The Philadelphia Police Department deserves something between a detached bro nod and a slow clap.
Last week, I came down on the department for its lack of transparency and responsiveness after two plainclothes officers who nearly killed an unarmed pizza deliveryman in 2014 were quietly put back on the streets.
So, when I detected some progress, no matter how slow and imperfect, I wanted to give the police their due.
On the surface, the department recently had not one, but two come-to-Jesus moments.
The officers who pumped 14 bullets into Philippe Holland's car, three of which hit his face and a leg, were each given a 25-day suspension without pay.
It was an obscenely light punishment given the lasting damage they inflicted on Holland, who feared he was about to be robbed when he spotted two shadowy figures stepping out of an unmarked car parked in the intersection of Willows Avenue and 51st Street.
"Historically, we've viewed shootings the same way we viewed any other internally generated investigation," said department spokesman Capt. Sekou Kinebrew. "Our thought has evolved on this."
In short, Kinebrew said: "It came down to retaining a policy vs. transparency."
Can I get an amen?
The second moment came Monday, when, in response to community pressure from four civic associations, the officers were reassigned from the West Philadelphia district where the shooting took place.
Officer Mitchell Farrell, 30, was reassigned to the Eighth District in Northeast Philadelphia, while Officer Kevin Hanvey, 28, now works in the Third District, in South Philadelphia.
Great news for West Philly -- but moving the problem isn't addressing it. Just ask the Catholic Church.
Or, read the letter from residents who specifically said they didn't want the cops shuffled to another neighborhood:
"If the Philadelphia Police Department is unwilling to terminate [the officers], we respectfully request that they be permanently assigned positions with no public contact with the residents and businesses of our communities or with any other Philadelphia neighborhood."
Sounded more than fair to me, but then, that's not taking into account a problematic union and arbitration system that consistently sacrifices the integrity of a whole department for individual cops who often don't deserve the blind support.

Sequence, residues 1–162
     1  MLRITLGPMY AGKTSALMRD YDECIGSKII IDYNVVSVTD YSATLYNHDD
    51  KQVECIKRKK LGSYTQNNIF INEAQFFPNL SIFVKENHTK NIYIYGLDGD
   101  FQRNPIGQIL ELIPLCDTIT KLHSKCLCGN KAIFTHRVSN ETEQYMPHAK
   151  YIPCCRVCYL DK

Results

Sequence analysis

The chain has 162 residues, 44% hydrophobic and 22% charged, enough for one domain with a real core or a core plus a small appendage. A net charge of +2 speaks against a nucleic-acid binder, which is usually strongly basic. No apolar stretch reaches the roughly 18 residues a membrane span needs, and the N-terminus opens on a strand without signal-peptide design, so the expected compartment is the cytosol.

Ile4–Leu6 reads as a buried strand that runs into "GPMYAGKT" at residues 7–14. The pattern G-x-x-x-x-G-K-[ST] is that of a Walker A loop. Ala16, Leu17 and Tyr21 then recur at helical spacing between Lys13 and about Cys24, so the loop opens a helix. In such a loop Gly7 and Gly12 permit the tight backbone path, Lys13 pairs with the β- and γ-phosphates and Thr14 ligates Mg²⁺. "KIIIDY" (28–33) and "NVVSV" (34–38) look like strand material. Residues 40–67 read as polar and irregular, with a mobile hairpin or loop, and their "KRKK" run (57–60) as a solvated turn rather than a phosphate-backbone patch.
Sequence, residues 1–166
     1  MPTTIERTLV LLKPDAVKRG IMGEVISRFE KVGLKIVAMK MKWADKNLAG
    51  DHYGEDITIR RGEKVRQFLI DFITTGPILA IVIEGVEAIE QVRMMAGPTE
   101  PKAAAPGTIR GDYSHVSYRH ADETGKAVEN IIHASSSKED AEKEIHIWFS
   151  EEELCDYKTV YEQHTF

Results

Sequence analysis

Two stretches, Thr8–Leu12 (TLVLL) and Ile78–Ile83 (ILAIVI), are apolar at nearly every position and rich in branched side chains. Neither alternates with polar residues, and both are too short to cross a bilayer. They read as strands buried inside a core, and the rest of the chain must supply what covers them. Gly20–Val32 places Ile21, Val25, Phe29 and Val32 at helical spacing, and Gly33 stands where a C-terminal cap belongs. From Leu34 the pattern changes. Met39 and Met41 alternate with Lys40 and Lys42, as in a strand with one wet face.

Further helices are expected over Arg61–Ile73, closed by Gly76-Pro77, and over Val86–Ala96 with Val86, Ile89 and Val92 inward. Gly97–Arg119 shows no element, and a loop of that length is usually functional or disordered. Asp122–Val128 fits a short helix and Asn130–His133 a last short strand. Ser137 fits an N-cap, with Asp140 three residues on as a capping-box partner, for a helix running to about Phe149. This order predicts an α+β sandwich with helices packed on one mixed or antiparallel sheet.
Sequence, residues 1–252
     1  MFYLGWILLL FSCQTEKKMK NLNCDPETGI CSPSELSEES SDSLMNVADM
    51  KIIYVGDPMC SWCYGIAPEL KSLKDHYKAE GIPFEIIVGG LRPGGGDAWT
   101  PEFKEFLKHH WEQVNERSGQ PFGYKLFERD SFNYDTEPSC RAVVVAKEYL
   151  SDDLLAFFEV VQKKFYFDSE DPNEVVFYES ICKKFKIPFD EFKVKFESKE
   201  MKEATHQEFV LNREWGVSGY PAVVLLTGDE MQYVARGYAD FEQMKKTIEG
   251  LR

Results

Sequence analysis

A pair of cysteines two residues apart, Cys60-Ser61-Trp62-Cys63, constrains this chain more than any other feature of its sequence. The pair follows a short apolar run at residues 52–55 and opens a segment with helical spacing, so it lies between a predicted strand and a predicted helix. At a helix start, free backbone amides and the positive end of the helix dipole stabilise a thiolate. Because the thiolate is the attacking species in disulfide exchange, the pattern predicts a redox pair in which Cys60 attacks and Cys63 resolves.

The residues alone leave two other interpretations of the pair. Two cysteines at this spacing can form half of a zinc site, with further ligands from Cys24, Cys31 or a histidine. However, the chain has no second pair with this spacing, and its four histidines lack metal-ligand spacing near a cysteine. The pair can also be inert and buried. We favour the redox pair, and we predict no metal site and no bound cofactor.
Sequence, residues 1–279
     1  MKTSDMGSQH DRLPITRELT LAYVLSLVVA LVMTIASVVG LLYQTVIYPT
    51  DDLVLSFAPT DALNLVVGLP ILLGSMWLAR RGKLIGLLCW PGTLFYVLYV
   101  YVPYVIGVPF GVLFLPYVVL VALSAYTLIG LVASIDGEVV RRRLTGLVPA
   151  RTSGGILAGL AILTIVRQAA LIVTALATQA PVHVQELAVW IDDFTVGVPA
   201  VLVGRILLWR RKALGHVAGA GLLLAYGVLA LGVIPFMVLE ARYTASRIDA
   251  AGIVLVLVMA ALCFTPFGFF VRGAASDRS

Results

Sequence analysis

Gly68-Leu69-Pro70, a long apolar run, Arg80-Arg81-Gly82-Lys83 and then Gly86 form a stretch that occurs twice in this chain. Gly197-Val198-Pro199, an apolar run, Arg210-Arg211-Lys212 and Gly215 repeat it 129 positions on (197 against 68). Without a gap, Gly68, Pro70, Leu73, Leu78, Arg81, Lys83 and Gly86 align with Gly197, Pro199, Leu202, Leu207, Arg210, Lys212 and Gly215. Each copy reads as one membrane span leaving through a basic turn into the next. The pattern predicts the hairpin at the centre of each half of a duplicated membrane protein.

"All this does is makes it someone else's problem," Larissa Mogano, cofounder of Cobbs Creek Neighbors, said of the officers' new assignments.
Of course, the bigger problem is that the department lost the opportunity to fire the officers when it could.
In January, the department's Police Board of Inquiry found the officers not guilty of violating the policy prohibiting officers from shooting at moving vehicles. Police Commissioner Richard Ross overruled the finding.
The officers completed their suspensions this month. Meanwhile, Holland, who was a 20-year-old college student when he was shot, remains disfigured, with bullet fragments in his brain. He will permanently suffer from seizures.
Even with the settlement, justice was not served here.
In a just-hit-replay statement, John McNesby, president of Fraternal Order of Police Lodge 5, has said the union supports the officers and will fight their punishments.
The shooting that forever changed Holland's life? McNesby called it "an unfortunate ordeal."
As horrific as Holland's experience has been, this ordeal goes beyond one man to a city that pays out millions of dollars to citizens who are at the mercy of liabilities with guns.
I told Kinebrew that despite the department's efforts, this is likely not over. I can't imagine any neighborhood would feel comfortable with these officers patrolling their streets, even if the officers wear uniforms now.
"That was not something that was lost on us," Kinebrew said.
Kudos for acknowledging that.
But by kicking the can, or cops, down the road, everyone loses.